Male domination early on can lead to a self-perpetuating masculine culture that makes it harder to recruit women 31. A tech sector survey last year found that only 1% of female jobseekers aspire to work in start-ups compared to 8% of men, because they have a reputation for long-working hours that are often incompatible with family life 32. Women at smaller space companies report experiencing more discrimination (see section on experiences of discrimination by organisation type).
Experiences of discrimination
Our overarching finding is that women feel less welcome than men, experience more discrimination, and are underpaid and underpromoted.
Do women feel welcome in the space sector?
Women feel less welcome in the sector compared to men. 47% of women feel ‘always welcome’ compared to 79% of men. Only 38% of women of colour feel ‘always welcome’, and in almost every scenario, women and men of colour feel less welcome than their White counterparts.
The sector can appear at times to be very male dominated and as a woman this can be quite intimidating. I recall in my twenties attending an event where there were only 4 women in the room and well over 100 men. Since then I am seeing an improvement in the gender balance but there is still much work that could be done.
The space sector pays lip service to gender equality, and has many initiatives to encourage it. At the individual level, especially in male peers, respect for women is significantly more rare than one might expect.
In every type of organisation, women feel less welcome than men, and this is particularly apparent in academia. Whilst everyone feels less welcome in academia than the sector-wide average, the difference is particularly large, dropping 16 percentage points for women compared to 8 for men. The organisation type in which women feel the most welcome is industry, with 61% of women saying they feel welcome. Defence, non-profits, and self-employed people are not included in the breakdown due to small sample sizes.
There is very much a 'laddish' culture in astronomy, and it is no surprise to me whatsoever that women leave the space sector in their droves.
Technical skill still seems to be a shield for those who may make discriminatory comments.
Academia is a sector where stress levels and work pressure are high. A recent survey of almost 6,000 UK academic staff found that only 11% of academic staff are satisfied with their job 33, in stark contrast to industry, where 67% of those working in the engineering sector and 69% of those working in the tech sector saying they are satisfied with their jobs 3435.
In total, 41% of women in the space sector have experienced discrimination or prejudice of some form, compared to 10% of men. Women who have experienced discrimination feel the least welcome, with only 27% saying they feel always welcome, compared to 62% of those who haven’t experienced discrimination. For men, the equivalent figures are 34% and 84%.
Some of the line managers expected female engineers to take notes during team meetings but never asked any of the male colleagues.
When [my boss] talked about the accomplishments of our group, he would only talk about what the men were doing.
The most common type of discrimination experienced by women was gender related, with 38% of all women saying they had experienced it compared to just 1% of men. The next most common types were age based discrimination (10% of women vs 3% of men) and sexual harassment (9% vs 0.3%). In every category (e.g. discrimination related to ethnicity, disability, etc.) women experienced more discrimination than men.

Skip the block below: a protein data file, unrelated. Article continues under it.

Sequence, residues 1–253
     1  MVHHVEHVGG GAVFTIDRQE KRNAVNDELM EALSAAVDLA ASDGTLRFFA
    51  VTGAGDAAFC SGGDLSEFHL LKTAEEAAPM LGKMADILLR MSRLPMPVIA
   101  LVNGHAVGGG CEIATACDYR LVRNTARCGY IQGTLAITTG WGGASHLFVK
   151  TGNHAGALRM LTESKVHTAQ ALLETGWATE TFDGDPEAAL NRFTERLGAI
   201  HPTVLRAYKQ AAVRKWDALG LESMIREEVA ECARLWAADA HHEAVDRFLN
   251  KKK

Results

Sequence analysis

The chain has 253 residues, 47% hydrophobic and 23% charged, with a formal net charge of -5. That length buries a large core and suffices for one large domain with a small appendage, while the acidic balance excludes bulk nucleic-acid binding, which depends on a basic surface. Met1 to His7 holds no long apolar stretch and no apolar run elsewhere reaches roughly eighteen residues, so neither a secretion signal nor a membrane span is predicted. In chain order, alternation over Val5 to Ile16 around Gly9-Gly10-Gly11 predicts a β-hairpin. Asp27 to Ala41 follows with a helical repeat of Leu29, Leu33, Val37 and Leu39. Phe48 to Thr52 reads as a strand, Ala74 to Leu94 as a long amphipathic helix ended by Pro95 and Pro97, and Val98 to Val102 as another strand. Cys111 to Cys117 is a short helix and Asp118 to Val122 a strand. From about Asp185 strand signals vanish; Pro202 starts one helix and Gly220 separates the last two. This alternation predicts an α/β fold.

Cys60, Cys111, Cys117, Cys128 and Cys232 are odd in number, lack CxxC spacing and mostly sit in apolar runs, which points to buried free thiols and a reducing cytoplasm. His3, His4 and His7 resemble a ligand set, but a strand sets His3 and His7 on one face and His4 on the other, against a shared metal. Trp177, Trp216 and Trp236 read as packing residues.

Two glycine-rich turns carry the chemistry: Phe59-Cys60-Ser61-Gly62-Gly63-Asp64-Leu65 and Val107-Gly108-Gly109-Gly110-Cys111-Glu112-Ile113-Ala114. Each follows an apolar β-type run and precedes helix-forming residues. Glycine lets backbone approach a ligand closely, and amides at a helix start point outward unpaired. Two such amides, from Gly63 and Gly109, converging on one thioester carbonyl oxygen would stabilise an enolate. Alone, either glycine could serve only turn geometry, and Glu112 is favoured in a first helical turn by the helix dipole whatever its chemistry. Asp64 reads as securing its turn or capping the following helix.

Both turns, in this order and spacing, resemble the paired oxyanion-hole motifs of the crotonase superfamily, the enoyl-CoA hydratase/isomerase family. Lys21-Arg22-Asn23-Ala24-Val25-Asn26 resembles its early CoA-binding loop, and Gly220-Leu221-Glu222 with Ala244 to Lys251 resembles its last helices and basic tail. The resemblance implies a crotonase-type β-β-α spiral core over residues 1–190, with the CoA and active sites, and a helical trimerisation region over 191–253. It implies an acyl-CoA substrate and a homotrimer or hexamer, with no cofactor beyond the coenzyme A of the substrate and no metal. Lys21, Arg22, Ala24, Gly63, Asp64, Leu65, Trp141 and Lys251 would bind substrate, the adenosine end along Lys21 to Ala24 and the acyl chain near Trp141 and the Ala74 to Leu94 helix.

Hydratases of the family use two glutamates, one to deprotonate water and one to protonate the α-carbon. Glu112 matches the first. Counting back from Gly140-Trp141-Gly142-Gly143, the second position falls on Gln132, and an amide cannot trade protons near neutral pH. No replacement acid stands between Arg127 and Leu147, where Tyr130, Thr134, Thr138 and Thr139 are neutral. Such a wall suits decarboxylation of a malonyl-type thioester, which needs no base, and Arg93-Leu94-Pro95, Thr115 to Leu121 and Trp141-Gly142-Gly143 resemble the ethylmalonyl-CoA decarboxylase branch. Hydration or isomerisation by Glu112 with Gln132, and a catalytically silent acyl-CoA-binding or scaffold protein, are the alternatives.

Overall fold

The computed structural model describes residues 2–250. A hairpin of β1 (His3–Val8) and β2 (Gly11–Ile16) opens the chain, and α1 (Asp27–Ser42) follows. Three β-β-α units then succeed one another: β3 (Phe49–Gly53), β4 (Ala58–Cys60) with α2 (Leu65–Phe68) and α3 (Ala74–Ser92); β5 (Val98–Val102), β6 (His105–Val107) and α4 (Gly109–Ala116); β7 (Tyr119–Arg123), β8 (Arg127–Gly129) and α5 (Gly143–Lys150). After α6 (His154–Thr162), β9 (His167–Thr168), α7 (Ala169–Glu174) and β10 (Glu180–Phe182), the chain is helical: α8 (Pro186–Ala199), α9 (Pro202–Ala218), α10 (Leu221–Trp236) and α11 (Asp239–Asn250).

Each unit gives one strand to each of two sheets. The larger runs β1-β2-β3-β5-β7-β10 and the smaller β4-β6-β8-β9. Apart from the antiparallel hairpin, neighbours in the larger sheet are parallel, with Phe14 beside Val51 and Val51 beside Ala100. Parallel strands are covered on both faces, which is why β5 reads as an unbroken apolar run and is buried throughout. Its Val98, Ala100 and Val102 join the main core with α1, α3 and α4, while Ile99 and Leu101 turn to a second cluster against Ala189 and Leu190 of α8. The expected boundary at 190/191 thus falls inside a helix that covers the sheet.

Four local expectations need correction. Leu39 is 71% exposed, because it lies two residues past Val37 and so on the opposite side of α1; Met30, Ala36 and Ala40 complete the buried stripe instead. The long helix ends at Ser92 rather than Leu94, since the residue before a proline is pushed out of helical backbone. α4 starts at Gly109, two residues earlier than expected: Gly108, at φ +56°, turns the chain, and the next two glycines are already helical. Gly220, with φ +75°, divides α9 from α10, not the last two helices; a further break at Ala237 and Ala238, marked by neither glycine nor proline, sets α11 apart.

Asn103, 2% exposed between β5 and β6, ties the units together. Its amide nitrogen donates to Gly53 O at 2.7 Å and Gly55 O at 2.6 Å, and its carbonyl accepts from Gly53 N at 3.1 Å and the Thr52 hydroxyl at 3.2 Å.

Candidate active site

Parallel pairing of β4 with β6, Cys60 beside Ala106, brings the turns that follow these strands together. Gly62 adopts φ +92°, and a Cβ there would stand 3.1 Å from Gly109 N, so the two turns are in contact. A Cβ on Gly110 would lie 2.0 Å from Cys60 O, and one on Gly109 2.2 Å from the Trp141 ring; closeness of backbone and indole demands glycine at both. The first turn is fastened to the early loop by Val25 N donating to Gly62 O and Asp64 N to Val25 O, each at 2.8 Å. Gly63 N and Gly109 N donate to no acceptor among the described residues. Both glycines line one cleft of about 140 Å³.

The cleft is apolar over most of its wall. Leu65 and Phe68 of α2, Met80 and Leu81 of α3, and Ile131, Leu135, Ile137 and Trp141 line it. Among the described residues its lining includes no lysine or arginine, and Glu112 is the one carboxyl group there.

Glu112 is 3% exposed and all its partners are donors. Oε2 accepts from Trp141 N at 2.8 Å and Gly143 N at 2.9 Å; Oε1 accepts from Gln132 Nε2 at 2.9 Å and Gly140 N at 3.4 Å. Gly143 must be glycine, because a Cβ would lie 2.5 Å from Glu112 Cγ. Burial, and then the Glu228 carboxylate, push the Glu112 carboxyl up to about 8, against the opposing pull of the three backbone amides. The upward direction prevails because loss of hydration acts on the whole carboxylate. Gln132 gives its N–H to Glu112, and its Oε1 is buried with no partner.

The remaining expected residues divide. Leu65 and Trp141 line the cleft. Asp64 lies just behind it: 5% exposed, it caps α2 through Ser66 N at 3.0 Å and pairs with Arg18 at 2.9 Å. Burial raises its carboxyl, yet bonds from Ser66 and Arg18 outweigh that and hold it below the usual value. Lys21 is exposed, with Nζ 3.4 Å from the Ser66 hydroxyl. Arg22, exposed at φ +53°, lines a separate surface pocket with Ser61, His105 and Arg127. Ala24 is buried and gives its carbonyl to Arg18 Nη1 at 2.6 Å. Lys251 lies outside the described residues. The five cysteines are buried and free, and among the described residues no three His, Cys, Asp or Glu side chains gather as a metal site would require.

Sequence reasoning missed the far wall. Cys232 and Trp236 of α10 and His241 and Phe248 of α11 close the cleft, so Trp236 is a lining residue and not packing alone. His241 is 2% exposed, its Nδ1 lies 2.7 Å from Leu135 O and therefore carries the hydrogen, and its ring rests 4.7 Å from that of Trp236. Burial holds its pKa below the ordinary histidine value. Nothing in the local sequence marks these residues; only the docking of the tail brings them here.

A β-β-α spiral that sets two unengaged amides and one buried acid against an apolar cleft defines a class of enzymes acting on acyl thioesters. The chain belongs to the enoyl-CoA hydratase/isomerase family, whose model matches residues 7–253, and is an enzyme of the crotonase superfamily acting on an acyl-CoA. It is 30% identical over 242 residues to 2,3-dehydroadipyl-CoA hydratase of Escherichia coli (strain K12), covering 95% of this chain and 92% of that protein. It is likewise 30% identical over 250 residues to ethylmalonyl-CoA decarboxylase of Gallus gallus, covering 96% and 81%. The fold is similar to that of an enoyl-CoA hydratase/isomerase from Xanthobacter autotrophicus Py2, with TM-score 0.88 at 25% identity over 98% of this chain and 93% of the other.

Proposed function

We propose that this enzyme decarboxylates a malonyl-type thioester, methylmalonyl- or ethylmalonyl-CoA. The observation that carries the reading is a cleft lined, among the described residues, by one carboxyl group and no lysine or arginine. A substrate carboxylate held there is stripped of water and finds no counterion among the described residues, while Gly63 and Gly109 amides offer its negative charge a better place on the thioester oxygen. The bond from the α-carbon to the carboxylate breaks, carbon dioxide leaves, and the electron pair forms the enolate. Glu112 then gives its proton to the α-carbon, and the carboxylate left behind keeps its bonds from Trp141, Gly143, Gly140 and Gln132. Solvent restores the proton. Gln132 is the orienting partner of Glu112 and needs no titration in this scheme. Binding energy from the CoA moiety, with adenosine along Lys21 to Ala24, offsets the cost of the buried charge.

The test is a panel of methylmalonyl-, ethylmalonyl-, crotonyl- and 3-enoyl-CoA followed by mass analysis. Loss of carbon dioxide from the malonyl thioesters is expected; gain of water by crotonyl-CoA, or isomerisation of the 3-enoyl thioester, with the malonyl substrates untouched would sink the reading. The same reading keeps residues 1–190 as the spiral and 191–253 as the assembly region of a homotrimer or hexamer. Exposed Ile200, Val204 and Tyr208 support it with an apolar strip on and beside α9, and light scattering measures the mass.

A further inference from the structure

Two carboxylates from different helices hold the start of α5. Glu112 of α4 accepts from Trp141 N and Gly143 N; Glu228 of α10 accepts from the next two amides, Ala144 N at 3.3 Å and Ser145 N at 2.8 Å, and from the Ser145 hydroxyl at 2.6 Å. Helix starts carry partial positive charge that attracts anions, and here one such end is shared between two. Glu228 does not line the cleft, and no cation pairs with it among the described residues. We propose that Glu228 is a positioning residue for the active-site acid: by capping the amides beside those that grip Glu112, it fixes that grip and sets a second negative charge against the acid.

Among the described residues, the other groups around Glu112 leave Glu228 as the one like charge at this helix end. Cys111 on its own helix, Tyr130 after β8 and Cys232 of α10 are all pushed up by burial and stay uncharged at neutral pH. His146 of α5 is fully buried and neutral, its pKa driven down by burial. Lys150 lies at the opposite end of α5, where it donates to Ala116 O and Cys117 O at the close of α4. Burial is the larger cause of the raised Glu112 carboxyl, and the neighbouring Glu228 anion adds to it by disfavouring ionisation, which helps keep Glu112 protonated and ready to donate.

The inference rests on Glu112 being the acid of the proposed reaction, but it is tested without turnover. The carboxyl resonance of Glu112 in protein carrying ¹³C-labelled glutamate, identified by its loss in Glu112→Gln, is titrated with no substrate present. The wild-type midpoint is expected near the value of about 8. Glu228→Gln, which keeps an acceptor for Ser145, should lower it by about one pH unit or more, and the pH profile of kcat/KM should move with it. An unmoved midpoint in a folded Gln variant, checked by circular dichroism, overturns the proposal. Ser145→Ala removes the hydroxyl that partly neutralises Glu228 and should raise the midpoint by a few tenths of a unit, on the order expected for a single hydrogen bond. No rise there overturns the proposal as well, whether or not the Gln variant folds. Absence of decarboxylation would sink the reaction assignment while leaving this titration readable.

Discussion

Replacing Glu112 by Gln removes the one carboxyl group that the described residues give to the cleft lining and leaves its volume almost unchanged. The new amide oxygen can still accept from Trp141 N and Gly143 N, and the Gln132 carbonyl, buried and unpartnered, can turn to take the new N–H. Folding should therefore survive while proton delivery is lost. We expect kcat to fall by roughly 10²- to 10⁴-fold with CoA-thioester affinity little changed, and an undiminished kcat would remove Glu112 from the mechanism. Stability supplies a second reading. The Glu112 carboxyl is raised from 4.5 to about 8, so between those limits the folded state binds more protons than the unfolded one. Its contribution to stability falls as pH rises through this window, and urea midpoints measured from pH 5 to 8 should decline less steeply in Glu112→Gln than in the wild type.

How does discrimination vary in different types of organisation?
The discrimination women experience varies depending on the type of organisation they work for, but the trend is the same for men. People in academia and industry consistently experience more discrimination than those in government, regardless of gender, but the figures are shifted 30 percentage points higher for women.
There is however a variation depending on the size of the organisation they work for. Half of all women working at micro and small organisations (with fewer than 50 employees) experience discrimination, falling to 39% at medium and large organisations. By contrast, roughly 10% of men report experiencing discrimination in all sizes of organisations.
Smaller business are less likely to have a dedicated HR team to put in place robust processes and policies in place relating to discrimination, so this may be a contributing factor.
One interviewee said that the company she worked for that was the most welcoming to women was one founded by a woman, who was pregnant at the time.
The year the CEO founded the company she became pregnant, so she started a company and completed a round of fundraising while pregnant. This means that the company I work at now is really good for being pregnant or having a child, because having a female CEO means that she’ll get it in the way that a male CEO wouldn’t.
How does discrimination vary with age?
Young women aged 25-29 are the most likely to have both experienced and witnessed discrimination and harassment. This age group makes up 20% of women but experiences 27% of all discrimination against women. By contrast, this age group accounts for 15% of men, and experiences 12% of all discrimination against men.
This may be due to survivorship bias or because people are less overtly discriminatory towards women who are in a more senior role than them. It is also likely that views of what counts as discrimination are changing, and that the types of discrimination that people experience are changing.
I've worked in the industry for thirty years and some younger people may think it's poor but it's massively better than where it was. My first office was full of 'girlie' calendars and if a woman complained they had to 'toughen up'. I haven't heard a discriminatory remark at my level for over a decade.